Magnus Westin

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About Magnus Westin

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  1. Books :D

    I have read both, and while they basically take up the same information. I found C++ Primer Plus easier to read, but that is probably quite a personal preference   I thought it had a better "flow" to it, so I found it more enjoyable.
  2. Books :D

    The book I usually recommend is C++ Primer Plus by Stephen Prata. I think its a good book, that goes through all of C++. And its not written like a reference book, which makes it good for beginners also. One thing though, it doesn't talk about compilers and development environments. So if you want/need to learn that also, you need a book for that also (or just find tutorials on the web, plenty of those).
  3. Unity Program Concept Help Needed

    Yes, it would waste memory. One question though is, how much. What is the density of your solarsystems in a galaxy. If its really high, I would consider using a 3d array, since the wasted memory is quite small. And its a very easy thing to work with. If not, then take a look at octree's http://en.wikipedia.org/wiki/Octree. Also, depending on the size of your galaxy, you might even be able to use an array of solar systems, and just store the coordinates for each. Not very efficient, but if an galaxy only have say 50-100 solar systems, it wont matter, since looping through the array is going to be very fast anyway.
  4. I agree with renega, that if you want to create a simple application like that, you are better off with a higher level language. C# is good if you are on windows. That said, if you are doing this also to learn C++, I would use MFC if you don't care about crossplatform functionality. Otherwise use QT.   And if you really want to learn MS Windows programming, I would recommend using pure Win32 to do you application. It's going to be very slow to develop the first time you do this though. But understanding how things work on a lower level, will make you a much better programmer in the future, even when you are doing development in languages like C#.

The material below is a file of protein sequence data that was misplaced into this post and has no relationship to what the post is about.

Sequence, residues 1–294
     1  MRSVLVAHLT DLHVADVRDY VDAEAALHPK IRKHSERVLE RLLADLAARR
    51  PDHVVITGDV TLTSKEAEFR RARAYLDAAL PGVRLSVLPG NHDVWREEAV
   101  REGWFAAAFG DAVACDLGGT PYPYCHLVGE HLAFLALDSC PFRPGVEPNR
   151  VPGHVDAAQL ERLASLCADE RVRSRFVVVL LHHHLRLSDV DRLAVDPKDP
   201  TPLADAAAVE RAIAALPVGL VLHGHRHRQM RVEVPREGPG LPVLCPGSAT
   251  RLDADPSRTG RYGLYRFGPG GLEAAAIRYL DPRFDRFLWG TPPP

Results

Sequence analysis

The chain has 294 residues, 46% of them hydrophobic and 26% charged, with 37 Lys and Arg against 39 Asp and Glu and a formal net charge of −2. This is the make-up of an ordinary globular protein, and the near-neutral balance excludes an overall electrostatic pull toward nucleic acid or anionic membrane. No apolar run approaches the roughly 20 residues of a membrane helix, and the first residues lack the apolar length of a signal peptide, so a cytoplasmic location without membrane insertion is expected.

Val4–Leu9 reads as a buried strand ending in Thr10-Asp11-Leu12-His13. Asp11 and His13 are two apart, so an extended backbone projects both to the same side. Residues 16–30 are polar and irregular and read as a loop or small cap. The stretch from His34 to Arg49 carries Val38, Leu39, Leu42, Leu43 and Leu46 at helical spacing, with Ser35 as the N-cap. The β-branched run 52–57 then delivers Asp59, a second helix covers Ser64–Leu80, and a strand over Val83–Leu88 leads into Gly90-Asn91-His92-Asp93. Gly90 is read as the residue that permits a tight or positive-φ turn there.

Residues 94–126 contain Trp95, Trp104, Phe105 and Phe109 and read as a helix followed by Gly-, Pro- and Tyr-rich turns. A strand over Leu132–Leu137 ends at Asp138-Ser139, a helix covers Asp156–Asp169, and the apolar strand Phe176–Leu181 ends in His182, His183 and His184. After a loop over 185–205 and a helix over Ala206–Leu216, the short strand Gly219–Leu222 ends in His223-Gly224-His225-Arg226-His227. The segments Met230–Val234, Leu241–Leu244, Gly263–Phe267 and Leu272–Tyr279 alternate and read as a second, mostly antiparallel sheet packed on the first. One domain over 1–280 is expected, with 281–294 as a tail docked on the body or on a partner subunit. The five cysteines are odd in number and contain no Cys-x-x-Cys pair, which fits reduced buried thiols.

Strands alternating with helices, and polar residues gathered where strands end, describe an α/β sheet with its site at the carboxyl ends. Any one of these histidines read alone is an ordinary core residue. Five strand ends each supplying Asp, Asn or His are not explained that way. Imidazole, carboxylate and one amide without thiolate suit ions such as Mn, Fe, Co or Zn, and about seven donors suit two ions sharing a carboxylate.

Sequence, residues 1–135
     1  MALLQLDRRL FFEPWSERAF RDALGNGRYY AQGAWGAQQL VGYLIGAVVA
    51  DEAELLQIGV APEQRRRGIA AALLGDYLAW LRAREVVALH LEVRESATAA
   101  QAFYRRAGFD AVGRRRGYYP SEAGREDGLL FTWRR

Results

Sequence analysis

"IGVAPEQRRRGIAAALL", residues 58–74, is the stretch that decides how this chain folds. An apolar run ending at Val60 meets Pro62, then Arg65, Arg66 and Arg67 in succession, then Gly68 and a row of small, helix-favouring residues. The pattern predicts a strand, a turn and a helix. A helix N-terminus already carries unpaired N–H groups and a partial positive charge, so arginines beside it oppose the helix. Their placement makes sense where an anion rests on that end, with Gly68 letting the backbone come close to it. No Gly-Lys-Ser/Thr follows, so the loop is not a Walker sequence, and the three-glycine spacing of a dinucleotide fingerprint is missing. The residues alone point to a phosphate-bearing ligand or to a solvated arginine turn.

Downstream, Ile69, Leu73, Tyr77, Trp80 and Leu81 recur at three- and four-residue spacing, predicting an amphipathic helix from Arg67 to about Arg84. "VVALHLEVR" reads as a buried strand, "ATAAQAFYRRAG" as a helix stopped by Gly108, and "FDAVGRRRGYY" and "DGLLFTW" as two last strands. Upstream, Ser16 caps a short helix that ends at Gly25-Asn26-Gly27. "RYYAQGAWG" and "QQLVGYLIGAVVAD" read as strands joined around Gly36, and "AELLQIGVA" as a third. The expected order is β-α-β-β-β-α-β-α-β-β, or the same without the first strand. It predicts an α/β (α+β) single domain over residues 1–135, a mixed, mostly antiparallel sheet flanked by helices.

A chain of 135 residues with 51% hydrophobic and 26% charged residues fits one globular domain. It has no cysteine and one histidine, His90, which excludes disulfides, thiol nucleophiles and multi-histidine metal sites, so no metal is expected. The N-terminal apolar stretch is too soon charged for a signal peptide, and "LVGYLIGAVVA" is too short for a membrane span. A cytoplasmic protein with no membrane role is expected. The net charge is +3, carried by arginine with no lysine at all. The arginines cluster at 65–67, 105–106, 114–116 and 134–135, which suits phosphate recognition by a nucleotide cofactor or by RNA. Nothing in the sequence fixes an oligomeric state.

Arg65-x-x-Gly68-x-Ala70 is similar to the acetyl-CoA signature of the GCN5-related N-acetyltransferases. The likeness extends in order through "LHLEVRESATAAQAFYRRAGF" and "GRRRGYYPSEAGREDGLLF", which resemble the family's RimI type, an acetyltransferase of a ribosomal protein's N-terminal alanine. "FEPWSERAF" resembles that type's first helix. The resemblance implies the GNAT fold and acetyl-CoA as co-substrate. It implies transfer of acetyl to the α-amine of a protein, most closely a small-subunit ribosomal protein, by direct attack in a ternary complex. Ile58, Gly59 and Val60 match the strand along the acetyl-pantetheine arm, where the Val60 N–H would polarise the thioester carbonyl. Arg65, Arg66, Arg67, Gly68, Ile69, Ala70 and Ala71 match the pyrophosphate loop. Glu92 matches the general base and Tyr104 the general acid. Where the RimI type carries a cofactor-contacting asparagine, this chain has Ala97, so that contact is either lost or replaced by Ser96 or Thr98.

5. UTF-8 strings

    "where each character is the same size" is true for UTF-32. But Ive never come a cross a program that actually uses UTF-32. I would recommend reading the Wikipedia entries for UTF-8, UTF-16 and Unicode. They explain very well the difference and pro/cons of each encoding. As a side note to this topic does any one know of a unicode font that supports the whole range. Ive not been able to find one. Most only support UTF-16 without surrogates, ie only 2 bytes, not 4 byte characters.